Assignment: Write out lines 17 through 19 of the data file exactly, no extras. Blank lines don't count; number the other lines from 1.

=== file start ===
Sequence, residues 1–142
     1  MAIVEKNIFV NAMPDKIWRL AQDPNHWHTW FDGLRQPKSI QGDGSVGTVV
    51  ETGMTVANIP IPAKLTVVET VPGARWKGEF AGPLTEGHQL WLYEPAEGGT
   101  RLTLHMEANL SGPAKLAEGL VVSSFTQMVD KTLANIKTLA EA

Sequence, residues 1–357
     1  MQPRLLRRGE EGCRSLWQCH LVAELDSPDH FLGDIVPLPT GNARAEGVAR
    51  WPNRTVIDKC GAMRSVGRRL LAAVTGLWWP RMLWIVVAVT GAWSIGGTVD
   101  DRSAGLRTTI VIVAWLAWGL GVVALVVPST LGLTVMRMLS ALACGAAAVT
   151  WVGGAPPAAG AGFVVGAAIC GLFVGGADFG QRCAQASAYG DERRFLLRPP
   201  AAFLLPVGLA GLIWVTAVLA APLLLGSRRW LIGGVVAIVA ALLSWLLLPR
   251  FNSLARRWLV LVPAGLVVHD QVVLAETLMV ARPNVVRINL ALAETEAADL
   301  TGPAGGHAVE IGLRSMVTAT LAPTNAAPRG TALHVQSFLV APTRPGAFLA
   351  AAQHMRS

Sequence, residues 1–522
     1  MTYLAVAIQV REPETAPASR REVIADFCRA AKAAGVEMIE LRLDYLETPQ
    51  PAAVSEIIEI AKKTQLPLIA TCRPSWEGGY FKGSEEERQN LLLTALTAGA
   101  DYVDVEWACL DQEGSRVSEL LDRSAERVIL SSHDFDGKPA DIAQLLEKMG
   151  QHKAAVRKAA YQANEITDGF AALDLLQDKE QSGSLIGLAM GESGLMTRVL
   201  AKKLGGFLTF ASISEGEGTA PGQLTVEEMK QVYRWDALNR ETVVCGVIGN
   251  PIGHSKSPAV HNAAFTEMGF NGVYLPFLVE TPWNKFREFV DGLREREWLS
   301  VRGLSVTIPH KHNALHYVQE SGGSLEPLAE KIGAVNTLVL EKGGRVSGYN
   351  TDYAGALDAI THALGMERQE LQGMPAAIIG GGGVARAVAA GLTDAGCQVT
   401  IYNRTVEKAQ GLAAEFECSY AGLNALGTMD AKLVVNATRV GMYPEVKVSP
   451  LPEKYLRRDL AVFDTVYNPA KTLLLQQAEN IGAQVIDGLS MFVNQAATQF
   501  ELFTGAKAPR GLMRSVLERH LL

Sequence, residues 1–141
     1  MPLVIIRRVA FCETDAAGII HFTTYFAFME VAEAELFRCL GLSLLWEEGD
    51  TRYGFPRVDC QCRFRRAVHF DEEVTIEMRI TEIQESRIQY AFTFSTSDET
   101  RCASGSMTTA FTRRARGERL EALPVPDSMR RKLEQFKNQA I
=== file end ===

   101  DYVDVEWACL DQEGSRVSEL LDRSAERVIL SSHDFDGKPA DIAQLLEKMG
   151  QHKAAVRKAA YQANEITDGF AALDLLQDKE QSGSLIGLAM GESGLMTRVL
   201  AKKLGGFLTF ASISEGEGTA PGQLTVEEMK QVYRWDALNR ETVVCGVIGN